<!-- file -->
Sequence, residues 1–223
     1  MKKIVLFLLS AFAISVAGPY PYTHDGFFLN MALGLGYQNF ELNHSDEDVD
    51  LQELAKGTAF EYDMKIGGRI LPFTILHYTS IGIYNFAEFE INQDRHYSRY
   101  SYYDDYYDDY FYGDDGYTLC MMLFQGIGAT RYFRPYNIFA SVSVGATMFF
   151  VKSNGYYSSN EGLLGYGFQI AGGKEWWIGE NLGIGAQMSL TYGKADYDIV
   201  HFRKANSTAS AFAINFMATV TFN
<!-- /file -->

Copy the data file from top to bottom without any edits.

Sequence, residues 1–223
     1  MKKIVLFLLS AFAISVAGPY PYTHDGFFLN MALGLGYQNF ELNHSDEDVD
    51  LQELAKGTAF EYDMKIGGRI LPFTILHYTS IGIYNFAEFE INQDRHYSRY
   101  SYYDDYYDDY FYGDDGYTLC MMLFQGIGAT RYFRPYNIFA SVSVGATMFF
   151  VKSNGYYSSN EGLLGYGFQI AGGKEWWIGE NLGIGAQMSL TYGKADYDIV
   201  HFRKANSTAS AFAINFMATV TFN